High levels of trade did not prevent the First World War, he pointed out in that landmark book. As Huntington, building on the work of others, noted, what is important is expectation. “Economic interdependence fosters peace,” he wrote, “only ‘when states expect that high trade levels will continue into the foreseeable future.'” If, however, trade partners “do not expect high levels of interdependence to continue, war is likely to result.”
Trump expects trade between the two nations to increase, saying on March 13 that China will be buying $250 billion more products pursuant to the Phase One trade deal signed January 15. Beijing in that agreement generally promised within a two-year period to increase purchases of U.S. goods and services by $200 billion over 2017 levels.
Trump’s optimism is not shared in Beijing, however. China, using the epidemic as an excuse, is now pushing to change the agreement by deferring its purchase obligations, the heart of the arrangement as far as the U.S. is concerned.
The Global Times notes that the pandemic inhibits Chinese demand for American goods, but that is not necessarily a good reason for relief from the terms of the deal.
Why not? Xi Jinping, after all, knew about the coronavirus epidemic long before he authorized the signing of the deal in the White House. In February, he said he had chaired a meeting of the Party’s Politburo Standing Committee on January 7 in which he issued orders to contain the epidemic. Xi’s knowledge of the outbreak on January 15 and his push for relief now, therefore, makes him look cynical. In all probability, he had no intention of honoring his side of the bargain from the beginning. Recall that Xi broke his September 2015 pledges to former President Barack Obama not to militarize China’s artificial islands and not to hack America for commercial purposes.
In any event, this year Sino-U.S. trade will almost certainly decline. Such a delinking would be in line with Trump’s stated desire to bring manufacturing back home.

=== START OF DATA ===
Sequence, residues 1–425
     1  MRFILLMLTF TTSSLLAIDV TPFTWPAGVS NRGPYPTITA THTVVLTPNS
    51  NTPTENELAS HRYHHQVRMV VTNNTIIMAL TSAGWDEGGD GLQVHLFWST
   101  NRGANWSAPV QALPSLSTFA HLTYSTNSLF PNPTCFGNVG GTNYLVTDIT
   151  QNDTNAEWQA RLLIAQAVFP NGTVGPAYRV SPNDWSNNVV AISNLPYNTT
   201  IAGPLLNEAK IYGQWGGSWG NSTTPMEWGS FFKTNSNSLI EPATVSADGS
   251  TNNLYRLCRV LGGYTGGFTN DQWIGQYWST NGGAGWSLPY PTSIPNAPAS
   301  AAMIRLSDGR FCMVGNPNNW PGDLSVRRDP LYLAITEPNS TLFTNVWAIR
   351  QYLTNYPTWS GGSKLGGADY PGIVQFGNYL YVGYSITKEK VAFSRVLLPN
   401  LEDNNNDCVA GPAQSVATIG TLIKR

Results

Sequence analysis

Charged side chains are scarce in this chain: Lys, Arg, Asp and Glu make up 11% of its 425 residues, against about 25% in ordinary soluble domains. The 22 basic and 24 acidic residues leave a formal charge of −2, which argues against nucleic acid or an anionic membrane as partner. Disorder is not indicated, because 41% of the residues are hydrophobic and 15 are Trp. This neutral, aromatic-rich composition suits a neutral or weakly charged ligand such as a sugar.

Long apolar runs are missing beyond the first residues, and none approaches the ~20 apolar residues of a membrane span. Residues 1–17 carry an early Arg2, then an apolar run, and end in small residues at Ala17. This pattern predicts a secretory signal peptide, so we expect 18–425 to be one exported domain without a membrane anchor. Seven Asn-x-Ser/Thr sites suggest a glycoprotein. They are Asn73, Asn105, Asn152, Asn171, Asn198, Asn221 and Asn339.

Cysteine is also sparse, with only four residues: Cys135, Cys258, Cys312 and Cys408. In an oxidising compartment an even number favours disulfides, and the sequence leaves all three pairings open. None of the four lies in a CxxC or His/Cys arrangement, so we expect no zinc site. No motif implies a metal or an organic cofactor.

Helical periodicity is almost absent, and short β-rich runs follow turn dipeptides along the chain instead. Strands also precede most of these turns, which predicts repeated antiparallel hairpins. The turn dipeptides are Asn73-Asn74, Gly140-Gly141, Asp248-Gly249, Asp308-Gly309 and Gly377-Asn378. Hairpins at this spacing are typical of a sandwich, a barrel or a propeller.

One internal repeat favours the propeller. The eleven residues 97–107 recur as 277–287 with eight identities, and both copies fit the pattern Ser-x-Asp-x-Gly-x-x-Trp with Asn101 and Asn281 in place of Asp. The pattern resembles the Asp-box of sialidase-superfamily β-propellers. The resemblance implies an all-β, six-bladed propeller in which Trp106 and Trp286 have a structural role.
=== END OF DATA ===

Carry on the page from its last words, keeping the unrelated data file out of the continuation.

The president has evidently been thinking about these matters for a long time. On July 21, 2017, for instance, he issued his Executive Order on Assessing and Strengthening the Manufacturing and Defense Industrial Base and Supply Chain Resiliency of the United States. The Defense Industrial Base study, as it is known, exposed American vulnerabilities and led to actions to encourage manufacturing to return home. Trump can now use his sweeping powers granted under the International Emergency Economic Powers Act of 1977 to continue this essential process.
Of course, war does not inevitably result when countries “delink,” “decouple,” or “disengage” their economies. Yet China and the U.S. are also moving apart as Americans become wary of an increasingly belligerent Chinese state, one that already has demonstrated that it has, for instance, little reluctance to injure Americans.
China, as we now know, allowed the coronavirus to spread for six weeks in December and January before Xi publicly acknowledged the disease. So, it is no surprise that Americans — and the Chinese people, who are now demanding fundamental political change — realize that the real disease is communism.
Coronavirus proves that for America and the Free World, China’s communism is the enemy — the one that really counts.